Matches with two top Japanese stars facing off were rare, especially outside of a tournament setting, and led to a good deal of buzz as a result. The same could be said of two non-Japanese wrestlers facing off, as happened at the Big Fight Series card in Osaka.
Abdullah the Butcher had been the center of controversy ever since he debuted in NJPW the prior June, immediately singling out Antonio Inoki as he engaged in vicious and bloody brawls. Hogan meanwhile was the recipient of high praise and cheers from crowds, especially after a strong run in the 1981 MSG series saw ‘Ichiban’ come out a strong fourth in a ten man league. Hogan’s charisma and striking look had Japanese fans getting behind the star as if he were their own, but Abdullah’s fork would play a part in scarring Hogan’s face and turning the bleached hair red.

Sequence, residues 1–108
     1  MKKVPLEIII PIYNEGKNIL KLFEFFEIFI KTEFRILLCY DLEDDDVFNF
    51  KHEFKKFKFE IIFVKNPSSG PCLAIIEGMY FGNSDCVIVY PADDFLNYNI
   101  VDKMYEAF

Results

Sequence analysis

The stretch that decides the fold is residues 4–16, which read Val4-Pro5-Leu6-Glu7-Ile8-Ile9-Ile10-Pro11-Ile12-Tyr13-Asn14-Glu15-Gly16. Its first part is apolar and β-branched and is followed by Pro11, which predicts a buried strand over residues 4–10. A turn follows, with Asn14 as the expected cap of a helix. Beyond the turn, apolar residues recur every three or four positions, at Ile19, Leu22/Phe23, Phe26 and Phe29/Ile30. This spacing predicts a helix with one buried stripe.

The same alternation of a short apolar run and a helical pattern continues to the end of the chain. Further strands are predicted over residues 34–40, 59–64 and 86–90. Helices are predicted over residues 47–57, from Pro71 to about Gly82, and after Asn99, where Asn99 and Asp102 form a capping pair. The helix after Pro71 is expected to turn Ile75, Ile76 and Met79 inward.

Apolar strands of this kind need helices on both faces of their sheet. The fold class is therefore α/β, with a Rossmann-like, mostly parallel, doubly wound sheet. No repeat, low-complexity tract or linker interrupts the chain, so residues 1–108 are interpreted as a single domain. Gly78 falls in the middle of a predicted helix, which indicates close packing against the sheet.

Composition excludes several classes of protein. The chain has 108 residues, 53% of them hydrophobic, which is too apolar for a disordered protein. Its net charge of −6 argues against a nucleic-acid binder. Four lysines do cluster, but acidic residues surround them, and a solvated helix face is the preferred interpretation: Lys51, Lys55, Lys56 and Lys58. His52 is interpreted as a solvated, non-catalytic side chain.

May 27, 2016: There Goes the Internet
Many had May 27 circled on their calendars when the Best of the Super Juniors 23 cards were unveiled. Ricochet was the 2014 BOSJ winner, and in the eyes of many, the world’s premier high flier. Opposite him would be Will Ospreay, the young Briton with a lot of buzz, who had joined New Japan in the spring and instantly came within a hair of the IWGP Junior Heavyweight Championship. The anticipation in Korakuen Hall was palpable, but nobody could anticipate just how much 16 minutes and 50 seconds of action would transform the wrestling world.
It was controversial, it was thrilling, it was beautiful and it made worldwide stars of both. It’s probably easier just to watch it.